The measure of the ability of the elements mainly metals to donate electrons for the formation of the positive ions is called electropositivity. On the other hand, the elements which can easily accept the electrons for the formation of negative ions are known as electronegative elements. Non-metals are examples of electronegative elements.
Electropositivity can be defined as the tendency of an atom to donate electrons to form positively charged cations. The property to form positively charged cations is most probably exhibited by the metallic elements in the periodic table, especially the alkali metals and the alkaline earth metals.
Electropositivity is just the opposite of electronegativity. The highly electronegative elements have very low electropositivity whereas the highly electropositive elements have very low electronegativity. The electronegative elements usually form ionic salts with the electronegative elements. Sodium which is a highly electropositive element gives up an electron to obtain a stable electronic configuration. On the other hand, chlorine is a highly electronegative element that accepts an electron to achieve a stable octet.
Therefore, the electropositive element sodium and the electronegative element chlorine can form an ionic bond with each other to give sodium chloride. Sodium chloride is also known as common salt which is consumed every day.
Periodic Trends in The Electropositivity of The Elements
The electropositivity of an element depends on various factors like the metallic character of an element, the ionization energy of an element, the distance between the nucleus and the valance shell, and also the effective nuclear charge acting on the valence shell. The periodic trends in electropositivity exhibited by the elements are always opposite to the periodic trends in the electronegativities of the elements.
Electronegativity of the elements increases across a period whereas the electropositivity of the elements decreases across the periods, the electronegativity of the elements decreases down the group, and the electropositivity of the elements increases while traversing down a group. This is the reason why the elements at the top right of the periodic table are the least electropositive and the elements to the bottom left of the periodic table are always electropositive.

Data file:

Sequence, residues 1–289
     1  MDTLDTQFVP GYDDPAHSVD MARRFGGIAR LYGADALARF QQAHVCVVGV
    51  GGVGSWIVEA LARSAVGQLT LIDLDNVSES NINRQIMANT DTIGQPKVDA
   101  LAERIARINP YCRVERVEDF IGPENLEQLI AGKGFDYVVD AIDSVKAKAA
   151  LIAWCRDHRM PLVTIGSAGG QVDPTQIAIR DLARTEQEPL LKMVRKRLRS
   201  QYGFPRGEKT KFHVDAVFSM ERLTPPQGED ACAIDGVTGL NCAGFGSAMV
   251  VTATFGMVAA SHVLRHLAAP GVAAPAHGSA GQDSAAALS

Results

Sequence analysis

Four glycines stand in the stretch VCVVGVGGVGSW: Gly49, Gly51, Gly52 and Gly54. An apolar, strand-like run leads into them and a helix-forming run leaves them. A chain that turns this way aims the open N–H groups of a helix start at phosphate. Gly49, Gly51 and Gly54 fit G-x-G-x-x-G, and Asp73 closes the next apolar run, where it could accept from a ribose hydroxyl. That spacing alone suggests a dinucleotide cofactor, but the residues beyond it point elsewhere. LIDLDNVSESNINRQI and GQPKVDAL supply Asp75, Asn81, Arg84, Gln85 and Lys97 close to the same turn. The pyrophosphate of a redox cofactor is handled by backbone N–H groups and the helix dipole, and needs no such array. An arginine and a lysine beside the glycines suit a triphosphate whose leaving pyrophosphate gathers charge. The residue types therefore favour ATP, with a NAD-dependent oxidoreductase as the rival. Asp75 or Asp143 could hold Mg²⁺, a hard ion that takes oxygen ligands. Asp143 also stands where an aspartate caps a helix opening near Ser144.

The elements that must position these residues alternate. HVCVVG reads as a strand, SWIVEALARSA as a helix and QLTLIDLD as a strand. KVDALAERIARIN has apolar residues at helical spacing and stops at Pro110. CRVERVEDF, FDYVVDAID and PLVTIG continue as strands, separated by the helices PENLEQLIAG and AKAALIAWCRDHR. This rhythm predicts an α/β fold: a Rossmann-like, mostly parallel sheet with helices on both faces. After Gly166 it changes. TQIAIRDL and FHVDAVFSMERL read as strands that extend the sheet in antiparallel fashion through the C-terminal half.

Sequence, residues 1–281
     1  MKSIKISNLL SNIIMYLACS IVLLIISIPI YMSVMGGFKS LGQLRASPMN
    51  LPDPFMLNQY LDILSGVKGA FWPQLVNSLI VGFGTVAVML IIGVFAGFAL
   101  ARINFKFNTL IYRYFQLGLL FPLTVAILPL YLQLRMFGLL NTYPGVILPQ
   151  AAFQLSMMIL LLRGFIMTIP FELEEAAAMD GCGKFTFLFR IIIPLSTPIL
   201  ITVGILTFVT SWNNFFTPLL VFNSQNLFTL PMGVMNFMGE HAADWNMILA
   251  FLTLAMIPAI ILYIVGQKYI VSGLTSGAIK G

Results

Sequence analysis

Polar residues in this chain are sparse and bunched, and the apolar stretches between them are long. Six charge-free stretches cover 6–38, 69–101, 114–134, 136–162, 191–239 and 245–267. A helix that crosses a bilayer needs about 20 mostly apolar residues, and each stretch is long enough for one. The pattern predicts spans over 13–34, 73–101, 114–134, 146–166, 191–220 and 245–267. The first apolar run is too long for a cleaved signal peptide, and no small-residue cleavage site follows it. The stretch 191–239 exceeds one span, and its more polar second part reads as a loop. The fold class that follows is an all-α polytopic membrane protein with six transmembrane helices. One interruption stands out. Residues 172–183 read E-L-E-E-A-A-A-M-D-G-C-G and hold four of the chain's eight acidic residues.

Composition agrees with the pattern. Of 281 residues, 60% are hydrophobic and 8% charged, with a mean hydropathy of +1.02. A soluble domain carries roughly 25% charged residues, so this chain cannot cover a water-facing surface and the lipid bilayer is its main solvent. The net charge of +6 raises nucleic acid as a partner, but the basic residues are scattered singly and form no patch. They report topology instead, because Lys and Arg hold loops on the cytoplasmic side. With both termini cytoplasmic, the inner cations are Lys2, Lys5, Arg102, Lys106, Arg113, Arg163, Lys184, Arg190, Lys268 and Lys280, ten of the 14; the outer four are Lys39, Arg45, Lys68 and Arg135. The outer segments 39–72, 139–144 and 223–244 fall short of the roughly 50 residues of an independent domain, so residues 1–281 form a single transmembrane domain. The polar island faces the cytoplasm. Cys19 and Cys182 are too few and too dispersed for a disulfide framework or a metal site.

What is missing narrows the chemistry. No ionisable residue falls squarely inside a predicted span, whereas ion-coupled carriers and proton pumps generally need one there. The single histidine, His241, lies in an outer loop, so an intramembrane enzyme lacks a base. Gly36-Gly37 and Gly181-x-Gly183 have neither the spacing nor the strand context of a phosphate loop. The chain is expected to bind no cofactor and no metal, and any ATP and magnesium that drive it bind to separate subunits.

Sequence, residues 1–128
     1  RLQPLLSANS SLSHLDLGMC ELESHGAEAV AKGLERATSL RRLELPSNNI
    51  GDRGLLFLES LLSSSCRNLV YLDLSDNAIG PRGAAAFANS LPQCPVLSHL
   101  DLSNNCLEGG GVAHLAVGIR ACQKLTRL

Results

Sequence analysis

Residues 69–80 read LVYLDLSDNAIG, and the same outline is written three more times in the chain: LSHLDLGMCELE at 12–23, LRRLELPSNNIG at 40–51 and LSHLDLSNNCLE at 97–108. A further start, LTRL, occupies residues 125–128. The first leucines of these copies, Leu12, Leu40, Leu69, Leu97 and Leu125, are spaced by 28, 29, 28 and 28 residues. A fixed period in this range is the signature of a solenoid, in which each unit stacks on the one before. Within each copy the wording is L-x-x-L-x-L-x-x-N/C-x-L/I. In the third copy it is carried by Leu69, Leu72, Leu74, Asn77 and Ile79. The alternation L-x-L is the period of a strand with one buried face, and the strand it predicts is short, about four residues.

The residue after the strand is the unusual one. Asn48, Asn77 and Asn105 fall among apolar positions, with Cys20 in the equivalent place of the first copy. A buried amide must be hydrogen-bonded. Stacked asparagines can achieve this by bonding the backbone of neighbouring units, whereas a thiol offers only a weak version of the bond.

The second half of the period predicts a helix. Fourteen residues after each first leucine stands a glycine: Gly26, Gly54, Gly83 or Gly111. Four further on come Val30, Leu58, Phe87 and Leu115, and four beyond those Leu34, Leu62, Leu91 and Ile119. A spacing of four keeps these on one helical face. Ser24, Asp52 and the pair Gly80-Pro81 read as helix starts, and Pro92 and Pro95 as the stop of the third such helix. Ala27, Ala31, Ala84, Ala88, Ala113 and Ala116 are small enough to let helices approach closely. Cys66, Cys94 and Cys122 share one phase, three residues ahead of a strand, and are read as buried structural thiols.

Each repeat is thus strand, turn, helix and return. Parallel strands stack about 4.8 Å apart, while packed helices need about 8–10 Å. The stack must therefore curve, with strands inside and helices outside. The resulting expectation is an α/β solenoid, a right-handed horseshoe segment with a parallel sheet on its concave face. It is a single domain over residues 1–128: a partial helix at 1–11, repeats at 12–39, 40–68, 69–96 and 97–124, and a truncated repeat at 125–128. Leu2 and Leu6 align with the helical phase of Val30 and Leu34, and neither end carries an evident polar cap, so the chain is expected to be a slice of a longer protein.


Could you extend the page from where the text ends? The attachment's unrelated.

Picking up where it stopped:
The electropositivity is a metallic attribute; it is dependent on the metallic character of an element. This is the only reason why all the alkali metals are regarded as the most electropositive elements in the periodic table. Cesium and francium are the highest electropositive elements in the entire periodic table. Whereas, fluorine, chlorine, and oxygen are the most electronegative elements in the periodic table which also means that they are the least electropositive elements in the periodic table.
The tendency of an element to lose the electrons to form the positive ions is called the electropositive character. It is also called the metal character. The elements which have very low ionization energies have a higher tendency to lose the electrons and therefore they are electropositive or metallic in their behavior. The alkali metals are always the most highly electropositive elements.
The reactivity of the metal decreases from the left to the right in a period as the tendency of an element to lose electrons decreases.
The reactivity of the metals increases from the top to the bottom in a group because the tendency of an element to lose the electrons increases in a period.
In a periodic table, the electropositivity or the metallic characters increases from the top to the bottom of the group.
In a periodic table, the elements are usually divided into two groups. The first group of elements is called metals and the second group of the elements is known as the non-metals. The metals and the non-metals are also divided into two categories which include electropositive and electronegative.
The electropositive is those elements or groups that give up electrons i.e. metals and acidic hydrogen. Electro positive elements are those elements whose electrode potential is more positive than that of a standard hydrogen electrode which is assigned an arbitrary value of zero. Examples of univalent alkali metals are Li+, Na+, K+, etc. An example of divalent alkaline earth metals is Be2+, Mg2+, Ca2+.